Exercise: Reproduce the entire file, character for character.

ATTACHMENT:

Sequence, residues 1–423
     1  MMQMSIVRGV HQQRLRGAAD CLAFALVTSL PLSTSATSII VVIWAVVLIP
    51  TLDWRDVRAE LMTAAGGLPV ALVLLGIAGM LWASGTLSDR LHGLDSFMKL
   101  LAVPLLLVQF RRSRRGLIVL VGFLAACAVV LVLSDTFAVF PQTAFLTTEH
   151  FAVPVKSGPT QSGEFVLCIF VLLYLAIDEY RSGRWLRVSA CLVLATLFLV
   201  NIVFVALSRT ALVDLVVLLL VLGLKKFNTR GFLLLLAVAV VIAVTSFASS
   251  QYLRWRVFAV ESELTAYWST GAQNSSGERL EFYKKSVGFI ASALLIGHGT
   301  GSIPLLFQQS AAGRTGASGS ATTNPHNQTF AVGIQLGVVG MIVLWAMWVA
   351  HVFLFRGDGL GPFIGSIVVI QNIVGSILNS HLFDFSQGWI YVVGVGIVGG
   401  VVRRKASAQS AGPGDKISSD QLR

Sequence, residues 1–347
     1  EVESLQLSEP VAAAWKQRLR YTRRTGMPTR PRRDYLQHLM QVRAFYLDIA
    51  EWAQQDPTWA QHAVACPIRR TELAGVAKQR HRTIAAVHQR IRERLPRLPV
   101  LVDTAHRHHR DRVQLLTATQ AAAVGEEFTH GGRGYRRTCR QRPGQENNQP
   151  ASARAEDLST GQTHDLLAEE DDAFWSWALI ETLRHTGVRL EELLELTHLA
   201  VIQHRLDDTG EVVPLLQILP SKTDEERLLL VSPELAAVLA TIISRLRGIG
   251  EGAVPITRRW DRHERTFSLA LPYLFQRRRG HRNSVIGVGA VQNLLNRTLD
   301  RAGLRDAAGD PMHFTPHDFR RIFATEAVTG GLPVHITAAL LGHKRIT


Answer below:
Sequence, residues 1–423
     1  MMQMSIVRGV HQQRLRGAAD CLAFALVTSL PLSTSATSII VVIWAVVLIP
    51  TLDWRDVRAE LMTAAGGLPV ALVLLGIAGM LWASGTLSDR LHGLDSFMKL
   101  LAVPLLLVQF RRSRRGLIVL VGFLAACAVV LVLSDTFAVF PQTAFLTTEH
   151  FAVPVKSGPT QSGEFVLCIF VLLYLAIDEY RSGRWLRVSA CLVLATLFLV
   201  NIVFVALSRT ALVDLVVLLL VLGLKKFNTR GFLLLLAVAV VIAVTSFASS
   251  QYLRWRVFAV ESELTAYWST GAQNSSGERL EFYKKSVGFI ASALLIGHGT
   301  GSIPLLFQQS AAGRTGASGS ATTNPHNQTF AVGIQLGVVG MIVLWAMWVA
   351  HVFLFRGDGL GPFIGSIVVI QNIVGSILNS HLFDFSQGWI YVVGVGIVGG
   401  VVRRKASAQS AGPGDKISSD QLR

Sequence, residues 1–347
     1  EVESLQLSEP VAAAWKQRLR YTRRTGMPTR PRRDYLQHLM QVRAFYLDIA
    51  EWAQQDPTWA QHAVACPIRR TELAGVAKQR HRTIAAVHQR IRERLPRLPV
   101  LVDTAHRHHR DRVQLLTATQ AAAVGEEFTH GGRGYRRTCR QRPGQENNQP
   151  ASARAEDLST GQTHDLLAEE DDAFWSWALI ETLRHTGVRL EELLELTHLA
   201  VIQHRLDDTG EVVPLLQILP SKTDEERLLL VSPELAAVLA TIISRLRGIG
   251  EGAVPITRRW DRHERTFSLA LPYLFQRRRG HRNSVIGVGA VQNLLNRTLD
   301  RAGLRDAAGD PMHFTPHDFR RIFATEAVTG GLPVHITAAL LGHKRIT